My long-suffering readers know that I am not famous for using intemperate language in this and other blogs.
The taken-aback, perineally loyal Rambophile may wonder, “Pagla gaya kya?”, which is a Hebrew expression meaning, “I love him, V Day to D Day!”. Speaking of which, incidentally, I posted on Facebook that I was wondering if, at my tender age, I should be celebrating this:

Tender, incidentally, is not a politically correct word, in this age and context.

Do check out my short piece called ‘Microvalentine’s Day’ (old post).

Before I wade into another mile of this nonsensical ramble, I should set the record straight:
I don’t mean Effing in your kind of effing sense.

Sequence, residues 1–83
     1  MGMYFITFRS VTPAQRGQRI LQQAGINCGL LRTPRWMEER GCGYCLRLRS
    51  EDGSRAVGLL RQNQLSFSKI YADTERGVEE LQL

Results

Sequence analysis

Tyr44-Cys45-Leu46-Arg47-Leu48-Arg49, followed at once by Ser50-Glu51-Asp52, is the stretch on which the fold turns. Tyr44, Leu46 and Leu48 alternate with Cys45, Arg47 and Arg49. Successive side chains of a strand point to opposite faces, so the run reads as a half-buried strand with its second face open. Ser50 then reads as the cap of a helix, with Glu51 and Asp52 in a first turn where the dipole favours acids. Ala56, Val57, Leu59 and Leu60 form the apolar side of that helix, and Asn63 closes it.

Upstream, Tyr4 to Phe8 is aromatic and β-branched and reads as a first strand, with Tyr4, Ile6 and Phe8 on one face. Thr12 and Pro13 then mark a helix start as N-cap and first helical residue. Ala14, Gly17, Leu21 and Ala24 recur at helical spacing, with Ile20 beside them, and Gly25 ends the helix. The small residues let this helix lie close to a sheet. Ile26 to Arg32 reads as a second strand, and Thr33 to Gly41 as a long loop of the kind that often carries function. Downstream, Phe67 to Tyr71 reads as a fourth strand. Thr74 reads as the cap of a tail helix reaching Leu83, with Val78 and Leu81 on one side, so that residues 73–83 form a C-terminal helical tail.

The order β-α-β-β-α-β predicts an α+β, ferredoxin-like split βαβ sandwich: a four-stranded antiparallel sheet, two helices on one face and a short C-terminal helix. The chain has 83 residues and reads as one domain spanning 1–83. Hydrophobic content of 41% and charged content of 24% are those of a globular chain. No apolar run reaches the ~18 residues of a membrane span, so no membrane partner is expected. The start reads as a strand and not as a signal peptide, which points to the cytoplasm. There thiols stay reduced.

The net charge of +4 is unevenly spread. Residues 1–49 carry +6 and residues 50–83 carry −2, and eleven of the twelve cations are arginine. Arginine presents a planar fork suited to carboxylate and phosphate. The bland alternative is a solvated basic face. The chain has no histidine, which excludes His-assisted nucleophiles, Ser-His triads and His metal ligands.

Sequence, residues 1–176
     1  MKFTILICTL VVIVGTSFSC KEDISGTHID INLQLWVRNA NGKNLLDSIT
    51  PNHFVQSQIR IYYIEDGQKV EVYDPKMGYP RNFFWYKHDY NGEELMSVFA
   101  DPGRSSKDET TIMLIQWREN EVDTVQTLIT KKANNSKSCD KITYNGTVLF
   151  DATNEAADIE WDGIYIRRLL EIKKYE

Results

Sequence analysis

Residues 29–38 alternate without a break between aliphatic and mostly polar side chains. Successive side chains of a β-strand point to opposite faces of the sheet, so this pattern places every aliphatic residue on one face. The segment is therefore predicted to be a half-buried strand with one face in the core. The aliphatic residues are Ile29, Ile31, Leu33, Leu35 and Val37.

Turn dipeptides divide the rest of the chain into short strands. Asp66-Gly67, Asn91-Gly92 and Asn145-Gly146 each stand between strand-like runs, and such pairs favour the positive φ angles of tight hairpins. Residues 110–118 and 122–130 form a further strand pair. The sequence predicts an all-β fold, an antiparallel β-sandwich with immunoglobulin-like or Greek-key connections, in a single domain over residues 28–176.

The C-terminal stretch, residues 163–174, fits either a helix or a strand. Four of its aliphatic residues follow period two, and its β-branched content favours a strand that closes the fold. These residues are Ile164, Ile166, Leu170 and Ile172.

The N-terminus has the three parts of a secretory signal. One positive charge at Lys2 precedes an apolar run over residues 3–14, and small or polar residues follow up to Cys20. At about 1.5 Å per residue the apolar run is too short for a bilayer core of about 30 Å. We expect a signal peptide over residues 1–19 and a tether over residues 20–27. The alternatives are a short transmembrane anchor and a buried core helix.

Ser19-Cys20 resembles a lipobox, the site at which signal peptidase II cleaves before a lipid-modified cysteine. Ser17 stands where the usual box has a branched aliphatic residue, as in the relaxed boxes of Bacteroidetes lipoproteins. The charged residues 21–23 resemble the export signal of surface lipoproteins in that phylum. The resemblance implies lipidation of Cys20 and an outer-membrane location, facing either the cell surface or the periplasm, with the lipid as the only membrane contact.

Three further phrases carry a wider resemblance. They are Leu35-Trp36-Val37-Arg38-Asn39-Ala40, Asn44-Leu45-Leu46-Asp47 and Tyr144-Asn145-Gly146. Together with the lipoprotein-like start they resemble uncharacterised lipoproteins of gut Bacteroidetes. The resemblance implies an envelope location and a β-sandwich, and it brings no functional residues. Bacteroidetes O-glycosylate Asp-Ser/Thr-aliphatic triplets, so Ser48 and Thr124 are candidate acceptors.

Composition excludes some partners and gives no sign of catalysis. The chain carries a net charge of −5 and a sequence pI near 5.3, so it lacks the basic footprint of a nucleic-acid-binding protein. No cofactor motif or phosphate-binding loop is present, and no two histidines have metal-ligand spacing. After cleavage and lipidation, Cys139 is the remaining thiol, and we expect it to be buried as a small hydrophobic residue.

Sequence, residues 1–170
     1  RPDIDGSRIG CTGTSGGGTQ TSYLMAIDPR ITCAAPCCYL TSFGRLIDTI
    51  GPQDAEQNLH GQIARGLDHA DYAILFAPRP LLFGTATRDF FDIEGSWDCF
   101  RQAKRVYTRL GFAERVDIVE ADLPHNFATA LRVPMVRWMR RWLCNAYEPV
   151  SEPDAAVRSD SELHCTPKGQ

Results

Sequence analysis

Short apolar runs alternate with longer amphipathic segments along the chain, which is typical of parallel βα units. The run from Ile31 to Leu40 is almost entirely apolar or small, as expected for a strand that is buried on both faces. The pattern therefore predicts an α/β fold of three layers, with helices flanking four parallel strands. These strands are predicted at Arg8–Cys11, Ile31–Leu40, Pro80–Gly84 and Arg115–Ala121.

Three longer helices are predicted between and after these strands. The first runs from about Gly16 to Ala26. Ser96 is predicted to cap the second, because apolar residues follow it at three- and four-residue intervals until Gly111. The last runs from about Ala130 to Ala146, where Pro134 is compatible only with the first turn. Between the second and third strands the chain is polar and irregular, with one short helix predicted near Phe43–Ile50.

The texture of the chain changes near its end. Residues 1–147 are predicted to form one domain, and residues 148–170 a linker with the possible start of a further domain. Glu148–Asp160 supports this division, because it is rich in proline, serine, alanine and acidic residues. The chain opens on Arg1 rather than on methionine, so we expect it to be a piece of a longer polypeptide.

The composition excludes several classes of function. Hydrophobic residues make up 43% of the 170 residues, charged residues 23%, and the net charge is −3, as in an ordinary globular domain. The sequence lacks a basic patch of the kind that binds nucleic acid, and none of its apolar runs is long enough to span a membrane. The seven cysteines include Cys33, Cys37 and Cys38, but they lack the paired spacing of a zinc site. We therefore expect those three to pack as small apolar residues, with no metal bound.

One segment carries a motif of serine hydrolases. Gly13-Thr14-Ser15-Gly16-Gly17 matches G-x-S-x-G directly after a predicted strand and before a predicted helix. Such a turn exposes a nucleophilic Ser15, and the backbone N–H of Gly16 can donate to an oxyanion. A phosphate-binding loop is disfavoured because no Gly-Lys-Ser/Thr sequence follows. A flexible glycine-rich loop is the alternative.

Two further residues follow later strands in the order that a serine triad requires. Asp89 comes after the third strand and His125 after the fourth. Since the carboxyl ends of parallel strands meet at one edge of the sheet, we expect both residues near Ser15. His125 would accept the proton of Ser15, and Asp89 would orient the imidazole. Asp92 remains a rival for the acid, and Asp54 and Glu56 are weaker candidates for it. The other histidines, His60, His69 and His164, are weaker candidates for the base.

This is a radical, new verb. My invention. It intends to describe an activity that “uses E-sources for Food and Fitness.”
Brilliant, wouldn’t you say?
So, let us carry on about Effing.
This post, following on from the earth-shaking previous one titled ‘The Fat Loss Plateau and Beyond’, is focused more on the same, by popular demand.
I promise you I will talk sense, and will not bore you with statistics and evidence. I will, instead, use my anecdotal example.
I started working out in the gym an year ago. I found I was getting stronger, but I knew I had a long way to go before I could be considered fit. I also found that I had lost only so much fat in spite of a lot of effort. This is the very common conundrum that is called the fat loss plateau.
I used certain tricks that are threatening to make me the next Adonis with a six-pack neck (anywhere else, it is all so passé, so upwardly upper class!).
I got a free account in FitDay. This made me focus on exactly what I was eating on a daily basis. The results astounded me. Take a look.
This is a typical day’s intake when I was working hard and yet seeing no fat loss worth the name: